Eprosartan (Teveten)

 

Eprosartan is a nonpeptide angiotensin II receptor antagonist that blocks the vasoconstrictive and aldosterone-secreting effects of angiotensin II. It may induce more complete inhibition of the renin-angiotensin system than ACE inhibitors do. In addition, eprosartan does not affect the response to bradykinin and is less likely to be associated with cough and angioedema. This drug can be used in patients who are unable to tolerate ACE inhibitors.

Irbesartan (Avapro)

 

Irbesartan blocks the vasoconstrictive and aldosterone-secreting effects of angiotensin II at the tissue receptor site. It may induce more complete inhibition of the renin-angiotensin system than ACE inhibitors do. In addition, it does not affect the response to bradykinin and is less likely to be associated with cough and angioedema.

Losartan (Cozaar)

 

Losartan blocks the vasoconstrictive and aldosterone-secreting effects of angiotensin II. It may induce a more complete inhibition of the renin-angiotensin system than ACE inhibitors do. In addition, Losartan does not affect the response to bradykinin and is less likely to be associated with cough and angioedema. It can be used in patients who are unable to tolerate ACE inhibitors.

Olmesartan (Benicar)

 

Olmesartan blocks the vasoconstrictive effects of angiotensin II by selectively blocking the binding of angiotensin II to the AT1 receptors in vascular smooth muscle. Its action is independent of the pathways for angiotensin II synthesis.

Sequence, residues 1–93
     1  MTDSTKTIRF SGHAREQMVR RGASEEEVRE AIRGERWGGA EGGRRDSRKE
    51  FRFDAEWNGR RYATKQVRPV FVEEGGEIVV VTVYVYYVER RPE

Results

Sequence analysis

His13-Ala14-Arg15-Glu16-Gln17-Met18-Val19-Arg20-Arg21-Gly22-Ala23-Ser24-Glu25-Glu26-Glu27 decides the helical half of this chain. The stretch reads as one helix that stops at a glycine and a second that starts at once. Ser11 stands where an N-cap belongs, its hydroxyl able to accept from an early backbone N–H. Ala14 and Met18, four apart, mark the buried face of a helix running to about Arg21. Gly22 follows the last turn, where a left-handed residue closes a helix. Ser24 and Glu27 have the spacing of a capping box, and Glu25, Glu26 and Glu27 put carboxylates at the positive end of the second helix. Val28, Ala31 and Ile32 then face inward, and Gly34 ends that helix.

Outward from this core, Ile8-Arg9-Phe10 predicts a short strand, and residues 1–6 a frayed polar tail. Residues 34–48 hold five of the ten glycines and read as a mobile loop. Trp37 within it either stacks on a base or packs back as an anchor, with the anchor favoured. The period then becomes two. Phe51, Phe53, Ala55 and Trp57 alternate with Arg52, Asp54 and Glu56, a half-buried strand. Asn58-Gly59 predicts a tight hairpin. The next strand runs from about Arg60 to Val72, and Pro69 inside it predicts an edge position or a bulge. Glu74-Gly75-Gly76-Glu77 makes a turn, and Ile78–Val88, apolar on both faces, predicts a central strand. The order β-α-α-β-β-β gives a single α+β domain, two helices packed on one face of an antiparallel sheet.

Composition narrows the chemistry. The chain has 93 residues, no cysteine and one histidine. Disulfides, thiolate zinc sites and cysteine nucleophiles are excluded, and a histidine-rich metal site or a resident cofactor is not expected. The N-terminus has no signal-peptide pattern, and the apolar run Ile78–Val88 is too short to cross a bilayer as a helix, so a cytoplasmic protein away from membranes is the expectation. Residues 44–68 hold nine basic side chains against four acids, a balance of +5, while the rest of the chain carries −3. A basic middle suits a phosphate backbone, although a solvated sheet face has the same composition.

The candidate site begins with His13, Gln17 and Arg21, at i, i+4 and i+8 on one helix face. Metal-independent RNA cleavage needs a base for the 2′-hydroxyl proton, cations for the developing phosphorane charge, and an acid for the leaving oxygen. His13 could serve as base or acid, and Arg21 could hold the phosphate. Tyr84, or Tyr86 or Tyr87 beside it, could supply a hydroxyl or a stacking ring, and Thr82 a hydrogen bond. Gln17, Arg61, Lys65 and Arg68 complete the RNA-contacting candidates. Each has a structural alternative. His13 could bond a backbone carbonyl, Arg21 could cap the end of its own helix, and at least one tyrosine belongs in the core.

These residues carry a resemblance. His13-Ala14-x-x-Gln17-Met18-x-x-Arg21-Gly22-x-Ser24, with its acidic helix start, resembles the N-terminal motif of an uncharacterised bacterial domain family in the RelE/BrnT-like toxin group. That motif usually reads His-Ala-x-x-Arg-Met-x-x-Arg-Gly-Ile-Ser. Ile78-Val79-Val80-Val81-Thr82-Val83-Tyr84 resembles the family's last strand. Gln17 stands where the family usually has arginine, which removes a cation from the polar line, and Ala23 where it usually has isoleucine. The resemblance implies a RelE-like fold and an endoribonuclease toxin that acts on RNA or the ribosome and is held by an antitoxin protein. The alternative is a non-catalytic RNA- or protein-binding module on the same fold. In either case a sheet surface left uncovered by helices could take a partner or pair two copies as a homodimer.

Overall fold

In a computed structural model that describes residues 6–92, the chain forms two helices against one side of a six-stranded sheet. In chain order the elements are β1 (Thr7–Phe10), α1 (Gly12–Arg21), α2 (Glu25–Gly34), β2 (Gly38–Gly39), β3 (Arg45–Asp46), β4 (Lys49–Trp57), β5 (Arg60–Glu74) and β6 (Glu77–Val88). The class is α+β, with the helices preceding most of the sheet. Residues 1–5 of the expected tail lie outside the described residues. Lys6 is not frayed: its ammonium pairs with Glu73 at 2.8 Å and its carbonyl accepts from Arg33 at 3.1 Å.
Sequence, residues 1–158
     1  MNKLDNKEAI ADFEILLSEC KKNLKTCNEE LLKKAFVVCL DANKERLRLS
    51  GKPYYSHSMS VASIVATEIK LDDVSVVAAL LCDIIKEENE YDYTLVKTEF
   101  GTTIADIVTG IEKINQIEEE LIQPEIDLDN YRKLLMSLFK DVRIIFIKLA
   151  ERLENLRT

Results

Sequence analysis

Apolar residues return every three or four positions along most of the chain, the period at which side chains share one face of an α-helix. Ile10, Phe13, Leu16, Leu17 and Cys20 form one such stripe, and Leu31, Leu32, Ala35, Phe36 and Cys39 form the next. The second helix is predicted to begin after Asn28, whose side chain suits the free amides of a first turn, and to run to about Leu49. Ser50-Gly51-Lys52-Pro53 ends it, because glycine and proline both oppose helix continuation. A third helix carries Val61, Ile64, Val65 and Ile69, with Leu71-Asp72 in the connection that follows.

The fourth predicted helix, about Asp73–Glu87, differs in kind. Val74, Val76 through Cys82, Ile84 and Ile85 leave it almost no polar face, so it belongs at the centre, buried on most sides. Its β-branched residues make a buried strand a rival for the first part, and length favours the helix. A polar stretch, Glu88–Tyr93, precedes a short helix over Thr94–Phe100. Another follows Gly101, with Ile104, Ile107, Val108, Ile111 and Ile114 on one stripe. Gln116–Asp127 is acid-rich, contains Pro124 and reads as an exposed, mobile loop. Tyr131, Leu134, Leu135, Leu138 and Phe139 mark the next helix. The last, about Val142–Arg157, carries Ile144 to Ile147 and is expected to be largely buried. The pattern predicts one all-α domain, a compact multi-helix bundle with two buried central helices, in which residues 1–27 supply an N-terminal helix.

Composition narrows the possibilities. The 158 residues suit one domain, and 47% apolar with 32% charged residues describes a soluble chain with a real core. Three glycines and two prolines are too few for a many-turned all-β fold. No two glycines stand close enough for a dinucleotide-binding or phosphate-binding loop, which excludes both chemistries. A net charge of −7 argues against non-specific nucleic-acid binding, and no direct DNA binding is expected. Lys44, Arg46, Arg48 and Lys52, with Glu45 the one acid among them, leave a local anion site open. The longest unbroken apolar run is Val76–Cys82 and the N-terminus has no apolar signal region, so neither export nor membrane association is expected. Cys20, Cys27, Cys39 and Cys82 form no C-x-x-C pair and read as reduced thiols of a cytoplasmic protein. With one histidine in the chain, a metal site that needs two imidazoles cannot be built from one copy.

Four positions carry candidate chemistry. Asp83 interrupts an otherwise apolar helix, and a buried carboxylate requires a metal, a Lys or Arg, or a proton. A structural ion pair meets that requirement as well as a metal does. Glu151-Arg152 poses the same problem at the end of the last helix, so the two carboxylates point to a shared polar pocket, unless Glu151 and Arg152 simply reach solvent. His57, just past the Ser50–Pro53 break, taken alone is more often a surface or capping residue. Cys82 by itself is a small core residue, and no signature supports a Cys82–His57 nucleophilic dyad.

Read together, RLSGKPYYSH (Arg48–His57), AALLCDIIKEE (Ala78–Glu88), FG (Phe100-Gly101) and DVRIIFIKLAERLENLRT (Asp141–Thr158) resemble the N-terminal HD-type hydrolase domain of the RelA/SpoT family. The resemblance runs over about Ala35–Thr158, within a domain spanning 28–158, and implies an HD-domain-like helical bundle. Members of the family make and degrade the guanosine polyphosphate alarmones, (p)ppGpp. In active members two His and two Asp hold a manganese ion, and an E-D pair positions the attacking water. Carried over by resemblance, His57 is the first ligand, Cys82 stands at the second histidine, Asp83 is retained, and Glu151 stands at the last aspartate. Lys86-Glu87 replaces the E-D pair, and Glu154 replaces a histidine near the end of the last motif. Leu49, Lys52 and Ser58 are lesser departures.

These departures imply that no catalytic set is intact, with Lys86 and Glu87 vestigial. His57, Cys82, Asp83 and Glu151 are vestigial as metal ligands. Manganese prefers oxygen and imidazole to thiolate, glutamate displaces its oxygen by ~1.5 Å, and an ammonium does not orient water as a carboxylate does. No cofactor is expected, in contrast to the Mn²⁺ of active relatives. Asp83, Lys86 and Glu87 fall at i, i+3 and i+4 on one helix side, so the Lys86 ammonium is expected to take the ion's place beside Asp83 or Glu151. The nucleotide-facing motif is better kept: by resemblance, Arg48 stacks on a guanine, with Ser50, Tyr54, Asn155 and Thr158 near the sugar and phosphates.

Valsartan (Diovan)

 

Valsartan is a prodrug that produces direct antagonism of angiotensin II receptors. It displaces angiotensin II from AT1 receptors and may lower blood pressure by antagonizing AT1-induced vasoconstriction, aldosterone release, catecholamine release, arginine vasopressin release, water intake, and hypertrophic responses.

Valsartan may induce more complete inhibition of the renin-angiotensin system than ACE inhibitors do. In addition, it does not affect the response to bradykinin and is less likely to be associated with cough and angioedema. Valsartan can be used in patients who are unable to tolerate ACE inhibitors.

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Diuretics, Loop

Class Summary

Patients with fluid overload should be treated with diuretics. Use a combination of diuretics acting at different sites of the nephron (eg, loop diuretic ± thiazide ± spironolactone). They increase urine excretion by inhibiting sodium and chloride transporters.

Furosemide (Lasix)

 

Furosemide is the diuretic of choice. It increases excretion of water by interfering with the chloride-binding cotransport system, which, in turn, inhibits sodium and chloride reabsorption in the ascending loop of Henle and the distal renal tubule.

Bumetanide (Bumex)